We assemble the thing we call “self” ourselves, according to Buddhist psychology. Gaylon Ferguson breaks down the five-step process of ego development.
Pema Chödrön teaches us Tonglen, “sending and taking,” an ancient Buddhist practice to awaken compassion.
The three poisons are the energy of ego’s three basic attitudes—for me, against me, and don’t care.
If you know how to use it, says Melvin McLeod, the energy of anger becomes fierce and compassionate wisdom. Even the buddhas get angry about injustice.
Economist Clair Brown argues for an economic system based on altruism, sustainability, and a meaningful life.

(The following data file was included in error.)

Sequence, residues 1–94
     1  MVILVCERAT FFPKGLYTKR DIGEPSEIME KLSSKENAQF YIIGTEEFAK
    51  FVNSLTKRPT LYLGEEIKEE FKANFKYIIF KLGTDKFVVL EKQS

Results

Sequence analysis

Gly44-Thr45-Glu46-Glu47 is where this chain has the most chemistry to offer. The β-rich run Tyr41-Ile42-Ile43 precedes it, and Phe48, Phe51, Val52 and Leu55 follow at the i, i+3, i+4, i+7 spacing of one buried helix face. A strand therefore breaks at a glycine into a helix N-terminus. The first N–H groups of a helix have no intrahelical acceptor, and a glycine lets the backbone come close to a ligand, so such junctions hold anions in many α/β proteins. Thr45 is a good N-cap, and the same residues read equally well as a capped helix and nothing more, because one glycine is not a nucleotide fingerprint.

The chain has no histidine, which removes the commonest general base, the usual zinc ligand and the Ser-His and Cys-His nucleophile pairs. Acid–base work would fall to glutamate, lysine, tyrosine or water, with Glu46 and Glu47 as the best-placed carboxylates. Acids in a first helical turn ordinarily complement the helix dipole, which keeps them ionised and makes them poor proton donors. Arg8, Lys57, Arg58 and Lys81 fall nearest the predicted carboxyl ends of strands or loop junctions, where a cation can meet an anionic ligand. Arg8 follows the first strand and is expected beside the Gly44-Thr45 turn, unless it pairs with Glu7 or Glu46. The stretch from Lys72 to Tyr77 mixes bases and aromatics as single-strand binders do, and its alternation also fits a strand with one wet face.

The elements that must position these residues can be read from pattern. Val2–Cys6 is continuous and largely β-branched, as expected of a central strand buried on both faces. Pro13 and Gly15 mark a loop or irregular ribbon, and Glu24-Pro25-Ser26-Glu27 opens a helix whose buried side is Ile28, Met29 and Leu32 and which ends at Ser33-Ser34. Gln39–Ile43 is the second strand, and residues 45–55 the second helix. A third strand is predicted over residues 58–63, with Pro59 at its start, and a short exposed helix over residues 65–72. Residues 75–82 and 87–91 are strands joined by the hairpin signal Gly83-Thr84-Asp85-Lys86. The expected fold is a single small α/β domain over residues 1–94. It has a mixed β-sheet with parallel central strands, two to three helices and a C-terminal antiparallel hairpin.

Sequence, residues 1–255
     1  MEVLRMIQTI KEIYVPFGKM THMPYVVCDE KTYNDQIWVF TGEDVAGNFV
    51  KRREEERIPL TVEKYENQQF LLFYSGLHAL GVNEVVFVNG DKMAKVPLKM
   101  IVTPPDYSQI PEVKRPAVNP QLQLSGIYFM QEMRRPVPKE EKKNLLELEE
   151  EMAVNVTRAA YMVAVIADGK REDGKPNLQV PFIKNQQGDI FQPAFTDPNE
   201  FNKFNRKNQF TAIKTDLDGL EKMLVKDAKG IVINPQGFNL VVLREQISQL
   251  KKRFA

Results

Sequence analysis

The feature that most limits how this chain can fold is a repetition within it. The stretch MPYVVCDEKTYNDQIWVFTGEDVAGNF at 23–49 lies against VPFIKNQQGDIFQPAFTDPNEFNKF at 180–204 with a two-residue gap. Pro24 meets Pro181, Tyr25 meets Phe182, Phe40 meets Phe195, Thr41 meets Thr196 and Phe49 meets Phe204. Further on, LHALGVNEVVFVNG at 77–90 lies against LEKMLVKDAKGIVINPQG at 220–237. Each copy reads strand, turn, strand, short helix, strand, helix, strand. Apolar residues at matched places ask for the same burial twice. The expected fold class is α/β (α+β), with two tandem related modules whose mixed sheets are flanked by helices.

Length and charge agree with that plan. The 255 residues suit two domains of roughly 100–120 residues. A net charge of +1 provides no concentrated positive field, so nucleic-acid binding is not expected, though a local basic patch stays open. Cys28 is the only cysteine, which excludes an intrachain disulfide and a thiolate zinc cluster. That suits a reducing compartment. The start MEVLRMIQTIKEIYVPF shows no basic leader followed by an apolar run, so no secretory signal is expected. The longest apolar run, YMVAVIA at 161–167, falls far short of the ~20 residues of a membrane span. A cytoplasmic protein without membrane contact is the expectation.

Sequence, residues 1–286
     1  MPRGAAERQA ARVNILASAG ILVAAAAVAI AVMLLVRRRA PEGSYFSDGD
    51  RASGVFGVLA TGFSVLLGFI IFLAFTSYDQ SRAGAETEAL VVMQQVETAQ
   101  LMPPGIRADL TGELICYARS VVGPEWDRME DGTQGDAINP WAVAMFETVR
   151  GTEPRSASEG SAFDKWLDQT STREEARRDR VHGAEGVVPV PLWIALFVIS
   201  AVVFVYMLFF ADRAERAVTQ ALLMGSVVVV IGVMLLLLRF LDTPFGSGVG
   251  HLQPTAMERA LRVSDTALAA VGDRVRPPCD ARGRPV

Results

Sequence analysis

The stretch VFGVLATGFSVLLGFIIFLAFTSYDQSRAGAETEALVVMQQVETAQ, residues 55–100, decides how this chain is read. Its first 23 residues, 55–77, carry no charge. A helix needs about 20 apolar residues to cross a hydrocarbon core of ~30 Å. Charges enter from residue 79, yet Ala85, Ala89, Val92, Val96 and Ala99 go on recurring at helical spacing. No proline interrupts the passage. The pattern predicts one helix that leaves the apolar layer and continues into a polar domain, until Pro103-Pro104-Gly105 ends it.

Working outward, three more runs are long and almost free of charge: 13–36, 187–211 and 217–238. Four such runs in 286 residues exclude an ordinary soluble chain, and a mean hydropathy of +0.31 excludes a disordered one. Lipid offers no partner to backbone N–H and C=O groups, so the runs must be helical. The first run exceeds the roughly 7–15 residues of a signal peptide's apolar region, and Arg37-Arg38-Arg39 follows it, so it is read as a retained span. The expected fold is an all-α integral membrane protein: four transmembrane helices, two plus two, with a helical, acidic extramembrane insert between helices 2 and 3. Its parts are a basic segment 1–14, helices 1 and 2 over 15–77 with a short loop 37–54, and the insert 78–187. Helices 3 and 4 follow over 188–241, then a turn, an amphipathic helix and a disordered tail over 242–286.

When something bad happens to you, it isn’t necessarily the result of your own actions. Judy Lief offers a nuanced understanding of karma.
I’ve been meditating for quite a while, but so far I haven’t experienced much of that calm and well-being people talk about.
Do I have to believe in reincarnation or rebirth to be a Buddhist?
Every time I see my family, I end up hurt because they believe Buddhism is a weird fringe religion. How can I make them understand?
Clair Brown argues for an economy that brings out the best in people, not the most self-centered and shortsighted.